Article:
I can perceive the increasing anxiety among my students. Today, they come to the office not only to discuss courses, internships, and post-graduation plans, but also to apologize for missed classes and changing behavior due to new doses of medication, personal and family drama, and other stressors. My colleagues and I are receiving more and more training about warning signs, counseling referrals, and conducting interventions, alongside the usual degree reports and add/drop slips. K-12 teachers tell me they see this as well, and I also see it in my younger colleagues.
The data show it, too. Anxiety is on the rise. The American Psychiatric Association ran a 1000-respondent poll in 2017, finding that two-thirds of respondents identified themselves as extremely or somewhat anxious a 36% jump from 2016. These answers were most common among the millennial generation. Health and safety for self and family were the most common concerns. The poll was repeated in 2018 and found another 5% increase. Surveys in other developed countries also show increases.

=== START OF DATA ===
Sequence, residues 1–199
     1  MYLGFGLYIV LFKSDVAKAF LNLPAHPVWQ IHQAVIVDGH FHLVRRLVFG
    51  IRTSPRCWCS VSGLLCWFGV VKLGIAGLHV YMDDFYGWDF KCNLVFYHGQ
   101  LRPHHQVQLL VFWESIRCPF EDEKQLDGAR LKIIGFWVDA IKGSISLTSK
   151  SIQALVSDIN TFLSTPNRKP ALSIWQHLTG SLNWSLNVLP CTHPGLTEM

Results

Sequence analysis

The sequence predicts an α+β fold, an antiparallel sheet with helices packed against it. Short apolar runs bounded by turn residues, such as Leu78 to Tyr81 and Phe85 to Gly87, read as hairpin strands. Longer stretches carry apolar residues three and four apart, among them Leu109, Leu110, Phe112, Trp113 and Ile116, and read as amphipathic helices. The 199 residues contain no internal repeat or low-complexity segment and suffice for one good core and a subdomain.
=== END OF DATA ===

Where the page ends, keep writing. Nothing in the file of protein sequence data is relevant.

Why should political scientists be concerned? First, professors are, first and foremost, teachers, and our first responsibility is our students well-being. Second, research should explore the rising anxiety levels and our divisive, fear and anger-driven political climate, manifested in figures like former Kansas Secretary of State and current U.S. Senate candidate Kris Kobach. Third, labeling anxiety a public health problem is a public policy issue.
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